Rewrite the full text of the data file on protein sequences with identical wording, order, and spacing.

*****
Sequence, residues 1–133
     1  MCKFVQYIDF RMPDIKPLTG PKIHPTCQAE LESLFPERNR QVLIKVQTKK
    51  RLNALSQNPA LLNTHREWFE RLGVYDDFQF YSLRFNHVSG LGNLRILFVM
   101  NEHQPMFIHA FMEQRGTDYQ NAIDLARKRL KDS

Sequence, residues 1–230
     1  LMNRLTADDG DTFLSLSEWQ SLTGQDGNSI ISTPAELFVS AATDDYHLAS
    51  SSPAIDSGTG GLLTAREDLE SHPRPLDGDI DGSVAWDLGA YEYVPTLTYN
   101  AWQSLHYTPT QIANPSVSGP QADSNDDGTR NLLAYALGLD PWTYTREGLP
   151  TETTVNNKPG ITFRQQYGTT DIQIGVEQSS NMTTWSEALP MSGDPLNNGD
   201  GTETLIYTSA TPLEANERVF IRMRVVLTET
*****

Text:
Sequence, residues 1–133
     1  MCKFVQYIDF RMPDIKPLTG PKIHPTCQAE LESLFPERNR QVLIKVQTKK
    51  RLNALSQNPA LLNTHREWFE RLGVYDDFQF YSLRFNHVSG LGNLRILFVM
   101  NEHQPMFIHA FMEQRGTDYQ NAIDLARKRL KDS

Sequence, residues 1–230
     1  LMNRLTADDG DTFLSLSEWQ SLTGQDGNSI ISTPAELFVS AATDDYHLAS
    51  SSPAIDSGTG GLLTAREDLE SHPRPLDGDI DGSVAWDLGA YEYVPTLTYN
   101  AWQSLHYTPT QIANPSVSGP QADSNDDGTR NLLAYALGLD PWTYTREGLP
   151  TETTVNNKPG ITFRQQYGTT DIQIGVEQSS NMTTWSEALP MSGDPLNNGD
   201  GTETLIYTSA TPLEANERVF IRMRVVLTET